For more than forty years, Clark Clifford was Washington's consummate Democratic power broker - attorney and adviser to the nation's most influential leaders. His 1991 memoir, Counsel to the President, looked back on a remarkable career of public service. But the very year his autobiography was published, the Clifford legend began to crumble. Caught up in the scandal that destroyed the Bank of Credit and Commerce International, the eighty-five-year-old Clifford was arrested on charges relating to his law firm's involvement with the outlaw bank. Though his case never went to trial, and his protege, Robert Altman, was found not guilty, Clifford's reputation was in ruins. How could such a man come to such an end? What happened? And why? In Friends in High Places, a noted investigative reporter and a chief investigator in the Senate inquiry on BCCI provide the answers. Drawing on original documents, more than a hundred interviews with Clifford's friends and adversaries, and fifty hours of interviews with Clifford himself, the authors reveal the drive and shrewdness that led Clifford to the pinnacle of power - and demonstrate convincingly that his involvement with BCCI was no aberration, but the bitter fruit of seeds planted at the beginning.
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Born in St. Louis in 1906, Clifford ended up working at the White House during WWII as a naval aide and soon came to the attention of fellow Missourian Harry Truman. Though he started out by organizing the President's poker games, he was soon in the middle of major decision-making: implementation of the Truman Doctrine; recognition of the State of Israel; formation of the plan behind Truman's close reelection in 1948, which, the authors contend, was the brainchild not of Clifford but of political aide James Rowe. A relentless self-promoter, Clifford went into private practice in 1950, piously claiming, "I have no influence," but he soon garnered as clients the likes of Howard Hughes, Phillips Petroleum, RCA, Revlon, DuPont and JFK, whom he defended against columnist Drew Pearson's charges of plagiarizing in Profiles in Courage. His "tumultuous tenure" as LBJ's peacenik secretary of defense during the Vietnam War is closely chronicled along with, finally, the First American/Bank of Credit and Commerce International (BCCI) scandal, for which he was indicted and later acquitted in 1993. A juicy, eye-opening look at the fascinating life of the ultimate Washington insider. Photos not seen by PW.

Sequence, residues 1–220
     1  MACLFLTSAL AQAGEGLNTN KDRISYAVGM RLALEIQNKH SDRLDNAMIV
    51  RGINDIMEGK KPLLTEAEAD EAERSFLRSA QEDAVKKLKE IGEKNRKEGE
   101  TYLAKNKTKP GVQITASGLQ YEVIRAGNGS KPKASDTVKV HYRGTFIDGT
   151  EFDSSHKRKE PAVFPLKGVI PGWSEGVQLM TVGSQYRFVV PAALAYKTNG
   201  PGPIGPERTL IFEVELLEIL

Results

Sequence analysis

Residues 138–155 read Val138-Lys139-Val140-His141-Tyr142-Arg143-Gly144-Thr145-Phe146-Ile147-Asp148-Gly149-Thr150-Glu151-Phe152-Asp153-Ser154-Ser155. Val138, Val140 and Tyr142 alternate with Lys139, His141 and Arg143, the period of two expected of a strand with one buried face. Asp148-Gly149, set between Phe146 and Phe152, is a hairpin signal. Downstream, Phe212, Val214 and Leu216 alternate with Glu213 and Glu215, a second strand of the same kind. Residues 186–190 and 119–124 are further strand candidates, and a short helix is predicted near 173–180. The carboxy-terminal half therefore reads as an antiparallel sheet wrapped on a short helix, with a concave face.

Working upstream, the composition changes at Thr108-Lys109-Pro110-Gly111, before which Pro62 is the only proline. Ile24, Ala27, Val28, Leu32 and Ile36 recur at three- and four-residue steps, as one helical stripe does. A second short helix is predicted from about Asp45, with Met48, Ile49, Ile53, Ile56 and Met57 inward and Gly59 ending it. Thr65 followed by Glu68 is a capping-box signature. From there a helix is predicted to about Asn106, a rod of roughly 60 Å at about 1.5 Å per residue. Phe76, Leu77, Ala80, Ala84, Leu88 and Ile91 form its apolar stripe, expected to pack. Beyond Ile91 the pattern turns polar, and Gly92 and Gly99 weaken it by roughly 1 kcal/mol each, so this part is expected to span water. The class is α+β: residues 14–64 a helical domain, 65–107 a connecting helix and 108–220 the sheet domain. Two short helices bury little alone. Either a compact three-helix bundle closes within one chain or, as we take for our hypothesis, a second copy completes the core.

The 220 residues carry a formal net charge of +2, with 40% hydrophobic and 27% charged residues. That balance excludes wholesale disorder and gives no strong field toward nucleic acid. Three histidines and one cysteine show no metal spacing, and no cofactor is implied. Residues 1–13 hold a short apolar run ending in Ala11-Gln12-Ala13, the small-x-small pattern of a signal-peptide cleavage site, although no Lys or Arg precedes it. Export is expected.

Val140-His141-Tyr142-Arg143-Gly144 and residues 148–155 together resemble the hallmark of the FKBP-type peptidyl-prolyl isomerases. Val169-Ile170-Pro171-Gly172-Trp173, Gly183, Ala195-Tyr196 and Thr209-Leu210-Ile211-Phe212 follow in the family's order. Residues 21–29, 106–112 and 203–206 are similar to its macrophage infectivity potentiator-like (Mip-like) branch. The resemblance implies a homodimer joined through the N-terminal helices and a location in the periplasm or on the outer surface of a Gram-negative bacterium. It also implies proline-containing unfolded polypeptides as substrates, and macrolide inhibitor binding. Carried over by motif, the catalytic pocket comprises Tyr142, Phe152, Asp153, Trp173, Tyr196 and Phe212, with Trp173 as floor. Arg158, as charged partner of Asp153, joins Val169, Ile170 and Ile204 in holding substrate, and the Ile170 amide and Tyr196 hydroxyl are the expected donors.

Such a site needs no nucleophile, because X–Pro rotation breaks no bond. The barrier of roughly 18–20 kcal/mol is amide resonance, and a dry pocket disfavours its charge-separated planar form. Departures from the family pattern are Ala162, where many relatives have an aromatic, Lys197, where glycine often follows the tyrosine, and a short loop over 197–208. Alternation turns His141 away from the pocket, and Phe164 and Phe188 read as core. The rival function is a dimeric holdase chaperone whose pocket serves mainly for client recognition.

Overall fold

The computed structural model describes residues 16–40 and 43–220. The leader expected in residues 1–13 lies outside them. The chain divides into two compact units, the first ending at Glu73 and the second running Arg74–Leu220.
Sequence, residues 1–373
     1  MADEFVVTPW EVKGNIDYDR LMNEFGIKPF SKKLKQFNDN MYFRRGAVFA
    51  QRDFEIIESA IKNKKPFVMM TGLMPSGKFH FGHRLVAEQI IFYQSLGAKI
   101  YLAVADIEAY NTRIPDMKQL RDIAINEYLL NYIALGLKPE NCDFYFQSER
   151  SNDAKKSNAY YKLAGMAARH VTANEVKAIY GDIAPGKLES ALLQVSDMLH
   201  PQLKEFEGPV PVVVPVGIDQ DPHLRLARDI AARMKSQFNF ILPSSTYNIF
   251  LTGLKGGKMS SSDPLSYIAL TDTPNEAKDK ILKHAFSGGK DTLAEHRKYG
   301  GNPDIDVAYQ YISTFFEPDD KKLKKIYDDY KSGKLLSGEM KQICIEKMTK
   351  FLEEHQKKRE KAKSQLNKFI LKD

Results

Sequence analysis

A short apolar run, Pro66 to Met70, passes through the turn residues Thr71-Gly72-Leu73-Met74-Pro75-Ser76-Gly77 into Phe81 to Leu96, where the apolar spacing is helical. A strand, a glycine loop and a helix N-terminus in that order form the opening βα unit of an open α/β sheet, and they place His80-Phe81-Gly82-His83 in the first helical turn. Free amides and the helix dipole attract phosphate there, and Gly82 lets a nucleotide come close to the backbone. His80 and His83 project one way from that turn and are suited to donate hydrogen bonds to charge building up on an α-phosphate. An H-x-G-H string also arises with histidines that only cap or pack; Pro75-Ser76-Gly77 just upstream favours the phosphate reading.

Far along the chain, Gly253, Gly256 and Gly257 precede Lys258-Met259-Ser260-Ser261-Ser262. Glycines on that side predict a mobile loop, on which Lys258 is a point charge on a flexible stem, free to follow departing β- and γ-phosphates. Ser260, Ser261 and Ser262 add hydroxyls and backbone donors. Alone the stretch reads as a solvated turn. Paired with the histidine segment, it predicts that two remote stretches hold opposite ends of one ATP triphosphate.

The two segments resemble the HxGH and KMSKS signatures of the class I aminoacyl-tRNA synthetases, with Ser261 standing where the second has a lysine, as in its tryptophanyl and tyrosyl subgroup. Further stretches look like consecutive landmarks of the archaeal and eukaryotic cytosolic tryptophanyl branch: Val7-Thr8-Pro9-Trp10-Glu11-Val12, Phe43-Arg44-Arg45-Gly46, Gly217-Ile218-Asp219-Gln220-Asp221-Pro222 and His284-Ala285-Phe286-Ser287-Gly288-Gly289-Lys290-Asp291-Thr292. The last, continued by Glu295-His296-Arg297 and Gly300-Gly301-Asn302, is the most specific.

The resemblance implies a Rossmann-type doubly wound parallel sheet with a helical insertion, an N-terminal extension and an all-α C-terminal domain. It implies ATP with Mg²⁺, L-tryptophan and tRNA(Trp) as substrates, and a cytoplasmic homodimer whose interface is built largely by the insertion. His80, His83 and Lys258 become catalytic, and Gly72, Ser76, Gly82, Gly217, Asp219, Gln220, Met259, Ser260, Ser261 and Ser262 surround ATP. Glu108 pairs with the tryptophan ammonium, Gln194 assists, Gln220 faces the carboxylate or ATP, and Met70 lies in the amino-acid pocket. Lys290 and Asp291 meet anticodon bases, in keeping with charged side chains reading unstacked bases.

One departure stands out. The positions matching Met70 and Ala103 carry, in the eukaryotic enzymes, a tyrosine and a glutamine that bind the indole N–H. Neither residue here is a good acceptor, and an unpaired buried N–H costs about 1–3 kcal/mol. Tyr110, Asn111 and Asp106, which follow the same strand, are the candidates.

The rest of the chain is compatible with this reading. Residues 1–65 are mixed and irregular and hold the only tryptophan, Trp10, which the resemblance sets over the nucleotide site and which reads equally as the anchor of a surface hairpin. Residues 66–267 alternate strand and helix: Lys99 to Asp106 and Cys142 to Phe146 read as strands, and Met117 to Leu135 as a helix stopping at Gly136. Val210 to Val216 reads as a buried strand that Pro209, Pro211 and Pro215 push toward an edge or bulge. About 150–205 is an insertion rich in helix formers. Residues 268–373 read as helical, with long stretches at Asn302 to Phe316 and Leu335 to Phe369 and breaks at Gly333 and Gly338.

Copyright 1995 Reed Business Information, Inc.
Clifford undoubtedly expected his 1991 memoir, Counsel to the President, to cement his reputation as wise grandee of the Democratic Party. But the seamy BCCI bank scandal tarnished him that year, ruined his hopes and his law firm, and paved the way for Frantz and McKean's critical but humanizing review of his life. Generally commiserative rather than carping about Clifford's past conduct, they imbue incidents with the discreet milieu of power in the 1950s and 1960s. As Truman's aide, he accepted loans (later repaid) to supplement his salary; he tendered the same favor to William Douglas, who decided cases Clifford personally argued before the Supreme Court; and even his meal ticket to fame and wealth--receiving credit for Truman's winning political strategy in 1948--is tainted, as another man devised the plan. In his favor, the authors applaud episodes such as Clifford's year as defense secretary, but they primarily accent his career as the capital's prototypical lawyer-lobbyist. Evenhanded and well written, this cautionary tale should attract flocks of politically aware readers. Gilbert Taylor
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Book Description Little, Brown and Company, 1995. Hardcover. Book Condition: New. Never used!. Bookseller Inventory # P110316291625
Book Description Little, Brown and Company. Hardcover. Book Condition: New. 0316291625 New Condition. Bookseller Inventory # NEW7.0099084